Mark Pharis in his Minnesota studio.
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Mark Pharis

Mark Pharis is a Minnesota potter. His three-dimensional forms are handbuilt, using two-dimensional paper patterns. His process owes much to the traditions of patternmaking found in sewing and sheet metal work.  Mark began his career at the University of Minnesota with Warren MacKenzie in 1967, and after working as an independent potter for several years, began teaching in the Department of Art at the University of Minnesota in 1985. 


Vol. 33, No. 2, "Revisiting Function"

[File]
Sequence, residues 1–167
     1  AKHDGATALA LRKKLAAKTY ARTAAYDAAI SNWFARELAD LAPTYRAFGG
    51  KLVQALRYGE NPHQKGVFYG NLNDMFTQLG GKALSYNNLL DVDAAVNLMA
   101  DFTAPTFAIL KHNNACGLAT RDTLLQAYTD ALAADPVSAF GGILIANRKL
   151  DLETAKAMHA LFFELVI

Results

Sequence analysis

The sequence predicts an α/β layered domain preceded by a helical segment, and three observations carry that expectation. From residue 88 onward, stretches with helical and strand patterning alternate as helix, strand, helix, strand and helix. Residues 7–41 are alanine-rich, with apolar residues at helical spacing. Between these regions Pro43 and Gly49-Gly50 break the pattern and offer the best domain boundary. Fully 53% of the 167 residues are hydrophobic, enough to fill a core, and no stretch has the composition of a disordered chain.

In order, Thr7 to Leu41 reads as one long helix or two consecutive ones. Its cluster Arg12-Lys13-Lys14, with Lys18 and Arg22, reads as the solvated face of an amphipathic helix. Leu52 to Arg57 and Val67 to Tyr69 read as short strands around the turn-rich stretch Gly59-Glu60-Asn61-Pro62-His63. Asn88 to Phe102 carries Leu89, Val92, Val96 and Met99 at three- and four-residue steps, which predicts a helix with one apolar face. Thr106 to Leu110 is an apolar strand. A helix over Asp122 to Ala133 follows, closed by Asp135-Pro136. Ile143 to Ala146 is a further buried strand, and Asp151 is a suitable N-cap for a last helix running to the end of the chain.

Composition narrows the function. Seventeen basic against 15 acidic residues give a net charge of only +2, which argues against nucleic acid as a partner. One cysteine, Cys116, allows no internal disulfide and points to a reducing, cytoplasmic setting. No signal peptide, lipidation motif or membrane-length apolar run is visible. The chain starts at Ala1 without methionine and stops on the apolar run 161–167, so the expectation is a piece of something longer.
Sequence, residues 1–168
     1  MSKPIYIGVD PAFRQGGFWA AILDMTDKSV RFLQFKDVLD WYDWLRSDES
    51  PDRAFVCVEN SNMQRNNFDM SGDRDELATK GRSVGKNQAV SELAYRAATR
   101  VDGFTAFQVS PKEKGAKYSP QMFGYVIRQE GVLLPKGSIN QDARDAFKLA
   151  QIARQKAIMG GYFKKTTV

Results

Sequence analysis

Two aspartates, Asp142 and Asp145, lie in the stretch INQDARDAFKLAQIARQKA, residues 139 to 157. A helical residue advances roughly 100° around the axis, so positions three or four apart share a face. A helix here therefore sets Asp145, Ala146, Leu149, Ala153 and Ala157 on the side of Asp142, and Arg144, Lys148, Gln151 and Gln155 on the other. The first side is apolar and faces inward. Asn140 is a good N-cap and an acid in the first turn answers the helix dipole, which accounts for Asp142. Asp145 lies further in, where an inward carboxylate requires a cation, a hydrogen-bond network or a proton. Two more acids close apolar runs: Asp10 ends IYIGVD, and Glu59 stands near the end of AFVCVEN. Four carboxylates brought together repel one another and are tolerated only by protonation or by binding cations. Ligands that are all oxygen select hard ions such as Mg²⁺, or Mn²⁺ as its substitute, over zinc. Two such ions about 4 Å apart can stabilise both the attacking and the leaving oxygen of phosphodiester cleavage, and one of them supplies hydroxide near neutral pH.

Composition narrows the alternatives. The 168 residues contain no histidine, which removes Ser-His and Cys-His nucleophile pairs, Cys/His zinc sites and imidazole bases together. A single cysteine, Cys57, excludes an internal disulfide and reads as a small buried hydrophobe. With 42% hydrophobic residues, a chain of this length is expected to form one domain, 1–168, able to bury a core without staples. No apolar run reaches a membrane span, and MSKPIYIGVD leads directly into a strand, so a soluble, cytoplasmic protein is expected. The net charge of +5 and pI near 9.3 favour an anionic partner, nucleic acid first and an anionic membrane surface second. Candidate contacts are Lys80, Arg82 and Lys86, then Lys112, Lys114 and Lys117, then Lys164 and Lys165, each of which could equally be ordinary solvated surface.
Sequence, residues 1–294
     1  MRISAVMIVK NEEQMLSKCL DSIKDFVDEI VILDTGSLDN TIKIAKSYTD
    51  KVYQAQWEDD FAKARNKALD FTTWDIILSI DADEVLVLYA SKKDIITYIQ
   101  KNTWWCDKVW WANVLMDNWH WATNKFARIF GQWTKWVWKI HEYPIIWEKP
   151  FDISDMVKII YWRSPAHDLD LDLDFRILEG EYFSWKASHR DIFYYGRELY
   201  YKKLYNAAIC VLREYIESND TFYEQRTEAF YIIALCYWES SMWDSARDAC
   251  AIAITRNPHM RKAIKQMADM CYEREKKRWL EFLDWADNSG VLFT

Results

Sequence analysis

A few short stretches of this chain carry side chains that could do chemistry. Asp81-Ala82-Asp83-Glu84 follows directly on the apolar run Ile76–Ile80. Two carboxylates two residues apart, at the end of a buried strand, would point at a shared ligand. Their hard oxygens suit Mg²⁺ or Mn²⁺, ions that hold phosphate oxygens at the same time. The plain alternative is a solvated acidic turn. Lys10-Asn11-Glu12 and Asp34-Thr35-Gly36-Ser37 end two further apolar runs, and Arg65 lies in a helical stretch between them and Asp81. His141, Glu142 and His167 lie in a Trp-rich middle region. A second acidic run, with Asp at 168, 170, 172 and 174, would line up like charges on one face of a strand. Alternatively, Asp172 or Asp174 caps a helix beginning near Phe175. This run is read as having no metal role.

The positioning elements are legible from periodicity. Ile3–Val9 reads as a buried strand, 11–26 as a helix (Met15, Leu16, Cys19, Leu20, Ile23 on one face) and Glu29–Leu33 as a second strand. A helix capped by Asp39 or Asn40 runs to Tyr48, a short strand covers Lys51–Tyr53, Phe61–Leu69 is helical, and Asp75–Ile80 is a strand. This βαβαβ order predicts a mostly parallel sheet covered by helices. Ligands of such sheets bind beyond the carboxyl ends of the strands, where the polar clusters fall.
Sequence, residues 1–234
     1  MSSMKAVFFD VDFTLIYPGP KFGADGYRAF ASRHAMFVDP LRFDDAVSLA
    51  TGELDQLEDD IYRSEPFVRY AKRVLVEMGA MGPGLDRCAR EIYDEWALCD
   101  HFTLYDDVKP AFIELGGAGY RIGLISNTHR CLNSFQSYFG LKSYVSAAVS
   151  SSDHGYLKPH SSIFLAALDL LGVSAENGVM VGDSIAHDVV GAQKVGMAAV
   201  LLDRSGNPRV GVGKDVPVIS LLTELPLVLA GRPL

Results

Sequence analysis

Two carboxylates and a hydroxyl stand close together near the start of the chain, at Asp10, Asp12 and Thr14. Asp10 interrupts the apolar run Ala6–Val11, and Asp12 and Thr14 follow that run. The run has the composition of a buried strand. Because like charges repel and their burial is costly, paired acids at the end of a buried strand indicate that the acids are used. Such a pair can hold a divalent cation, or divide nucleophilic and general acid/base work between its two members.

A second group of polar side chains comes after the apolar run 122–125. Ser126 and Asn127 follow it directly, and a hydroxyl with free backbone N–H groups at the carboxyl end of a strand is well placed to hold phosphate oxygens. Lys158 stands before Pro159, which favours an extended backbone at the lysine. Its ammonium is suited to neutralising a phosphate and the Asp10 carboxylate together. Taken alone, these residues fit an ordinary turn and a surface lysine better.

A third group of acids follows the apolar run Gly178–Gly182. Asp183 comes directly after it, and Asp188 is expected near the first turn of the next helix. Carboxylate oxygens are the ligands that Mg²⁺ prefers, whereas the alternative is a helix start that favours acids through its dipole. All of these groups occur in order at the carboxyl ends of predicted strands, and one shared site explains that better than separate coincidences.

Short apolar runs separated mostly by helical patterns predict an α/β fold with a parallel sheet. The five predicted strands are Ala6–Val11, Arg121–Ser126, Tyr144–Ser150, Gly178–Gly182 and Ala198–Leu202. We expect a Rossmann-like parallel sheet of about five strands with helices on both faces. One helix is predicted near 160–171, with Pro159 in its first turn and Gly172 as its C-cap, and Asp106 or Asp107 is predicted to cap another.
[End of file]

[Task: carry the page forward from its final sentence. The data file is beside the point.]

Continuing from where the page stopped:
By any historical standard, those who make functional pots in the twenty-first century do so under circumstances that are very different from those of our predecessors.
I acquired my first electric kiln about thirty years ago. It had three switches, each with three settings, and a cone sitter - simple. I didn't trust the cone sitter but given all the other things in life that couldn't be trusted, the sitter's erratic behavior barely mattered.
I don’t think I’ve left functional pots. I think I want to see what the edges of functional pots are about. I know what the center’s about, but knowing what the edge is about is an ongoing experiment.